The sensation of pain unfortunately plays a prominent role in many of our lives. While the sensation of pain is a form of communication between our mind and body, it regrettably cannot always be controlled without intervention. At the Chicago Pain and Wellness Institute S.C., we can help to alleviate your pain and also help to improve your quality of life. There are several options for targeted pain relief that we offer including:
- Epidural Steroid Injections for Back Pain
- Celiac Plexus Blocks for Abdominal Pain
- Facet Injections for Aching Low Back Pain
- Stellate Ganglion Block for Upper Extremity Nerve Pain
- Bursa Injection for Bursitis
- Sacroiliac Joint Injection for Tailbone Pain
- Lumbar Sympathetic Blockade for Nerve Pain of the Lower Extremity
- Superior Hypogastric Plexus Block for Pelvic Pain
- Intercostal Nerve Block for Rib and Chest Wall Pain
- Occipital Nerve Block for Headache
- Supraorbital Nerve Block for Headache
- Spinal Cord Stimulation for Chronic Low Back and Radicular Pain
- Kyphoplasty for Vertebral Compression Fractures
- Radiofrequency Ablation to Destroy Pain Transmitting Nerves
- IV Sedation by an Anesthesiologist
- Botox for Chronic Migraine
Epidural Steroid Injections
Epidural steroid injections are advocated for spinal degenerative disorders with radiculopathy, spinal stenosis, discogenic pain or spondylosis, failed surgery disorders, refractory cervicogenic headaches and spinal fractures. The most common indication for epidural injections is to place corticosteroid adjacent to an inflamed nerve root that is causing radicular symptoms. Nerve root inflammation may stem from an acutely herniated intervertebral disc causing nerve root irritation or other causes of nerve root impingement such as isolated foraminal stenosis. An epidural steroid injection includes both a long-lasting corticosteroid (e.g., triamcinolone, betamethasone) and an anesthetic numbing agent (e.g., lidocaine, bupivacaine). The drugs are delivered into the epidural space of the spine, which is the area between the protective covering (dura) of the spinal cord and the bony vertebrae.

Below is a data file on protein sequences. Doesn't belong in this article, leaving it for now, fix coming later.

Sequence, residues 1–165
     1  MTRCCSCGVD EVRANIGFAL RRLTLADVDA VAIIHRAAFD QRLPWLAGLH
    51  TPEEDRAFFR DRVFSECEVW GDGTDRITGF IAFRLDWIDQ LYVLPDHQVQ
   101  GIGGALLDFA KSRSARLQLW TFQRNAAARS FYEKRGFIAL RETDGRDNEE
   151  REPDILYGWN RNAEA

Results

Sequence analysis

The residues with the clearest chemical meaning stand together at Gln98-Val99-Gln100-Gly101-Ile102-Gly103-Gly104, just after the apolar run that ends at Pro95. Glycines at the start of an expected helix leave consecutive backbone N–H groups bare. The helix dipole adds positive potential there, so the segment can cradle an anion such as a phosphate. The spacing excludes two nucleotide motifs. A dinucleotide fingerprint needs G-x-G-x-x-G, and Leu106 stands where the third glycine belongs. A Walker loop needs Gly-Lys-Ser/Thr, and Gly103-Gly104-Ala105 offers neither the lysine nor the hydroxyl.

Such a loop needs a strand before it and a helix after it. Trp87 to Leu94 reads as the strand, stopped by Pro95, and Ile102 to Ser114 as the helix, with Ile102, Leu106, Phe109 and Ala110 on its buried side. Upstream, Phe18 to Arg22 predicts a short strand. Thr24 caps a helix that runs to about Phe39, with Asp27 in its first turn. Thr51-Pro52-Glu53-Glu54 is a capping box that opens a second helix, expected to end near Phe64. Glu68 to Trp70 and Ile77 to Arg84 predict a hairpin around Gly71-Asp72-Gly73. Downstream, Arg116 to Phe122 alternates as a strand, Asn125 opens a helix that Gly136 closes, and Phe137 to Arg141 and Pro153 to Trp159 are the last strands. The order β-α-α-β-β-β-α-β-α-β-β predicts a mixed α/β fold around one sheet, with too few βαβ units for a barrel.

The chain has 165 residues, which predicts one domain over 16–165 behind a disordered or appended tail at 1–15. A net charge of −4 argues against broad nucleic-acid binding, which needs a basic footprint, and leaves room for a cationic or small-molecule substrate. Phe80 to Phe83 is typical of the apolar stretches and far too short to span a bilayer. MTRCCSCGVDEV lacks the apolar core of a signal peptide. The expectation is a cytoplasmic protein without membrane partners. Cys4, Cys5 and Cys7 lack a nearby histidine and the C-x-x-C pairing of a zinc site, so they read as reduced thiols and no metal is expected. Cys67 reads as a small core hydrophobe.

Celiac Plexus Blocks
Celiac plexus blocks are used to control pain arising from intra-abdominal structures. These structures include the pancreas, liver, gall bladder and abdomen. The most common application of the block is to treat pain associated with intra-abdominal malignancy, particularly pain associated with pancreatic cancer. Local anesthetic under xray guidance is injected at the celiac plexus, a diffuse network of nerve fibers that lie over the surface of the aorta at the T12/L1 verterbral level.
The pain caused by facet arthropathy is most pronounced over the axis of the spine and is exacerbated by movement, particularly extension of the spine, which forces the inflamed articular surfaces of the facet joints together. Axial spinal pain at rest or worsening with forward flexion or rotation of the spine is also a common feature. A facet injection includes both a long-lasting corticosteroid (e.g., triamcinolone or methylprednisolone) and an anesthetic numbing agent (e.g., lidocaine or bupivacaine). The drugs are delivered to the painful facet joint, either inside the joint capsule or in the tissue surrounding the joint capsule using xray guidance. Each vertebra has four facet joints, one pair that connects to the vertebra above (superior facets) and one pair that connects to the vertebra below (inferior facets)